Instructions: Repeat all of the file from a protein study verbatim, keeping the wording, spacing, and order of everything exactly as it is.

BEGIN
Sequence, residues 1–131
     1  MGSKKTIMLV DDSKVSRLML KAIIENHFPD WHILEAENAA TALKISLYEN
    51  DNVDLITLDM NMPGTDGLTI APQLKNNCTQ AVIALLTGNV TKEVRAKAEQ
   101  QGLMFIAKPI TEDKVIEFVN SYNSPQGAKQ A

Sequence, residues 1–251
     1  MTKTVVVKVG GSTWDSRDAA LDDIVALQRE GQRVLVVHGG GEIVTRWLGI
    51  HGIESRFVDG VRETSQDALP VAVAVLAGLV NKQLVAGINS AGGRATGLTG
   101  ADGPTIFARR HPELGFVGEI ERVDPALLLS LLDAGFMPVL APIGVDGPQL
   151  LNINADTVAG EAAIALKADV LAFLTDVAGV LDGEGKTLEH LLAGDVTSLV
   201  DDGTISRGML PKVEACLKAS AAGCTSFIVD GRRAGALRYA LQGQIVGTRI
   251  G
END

Sequence, residues 1–131
     1  MGSKKTIMLV DDSKVSRLML KAIIENHFPD WHILEAENAA TALKISLYEN
    51  DNVDLITLDM NMPGTDGLTI APQLKNNCTQ AVIALLTGNV TKEVRAKAEQ
   101  QGLMFIAKPI TEDKVIEFVN SYNSPQGAKQ A

Sequence, residues 1–251
     1  MTKTVVVKVG GSTWDSRDAA LDDIVALQRE GQRVLVVHGG GEIVTRWLGI
    51  HGIESRFVDG VRETSQDALP VAVAVLAGLV NKQLVAGINS AGGRATGLTG
   101  ADGPTIFARR HPELGFVGEI ERVDPALLLS LLDAGFMPVL APIGVDGPQL
   151  LNINADTVAG EAAIALKADV LAFLTDVAGV LDGEGKTLEH LLAGDVTSLV
   201  DDGTISRGML PKVEACLKAS AAGCTSFIVD GRRAGALRYA LQGQIVGTRI
   251  G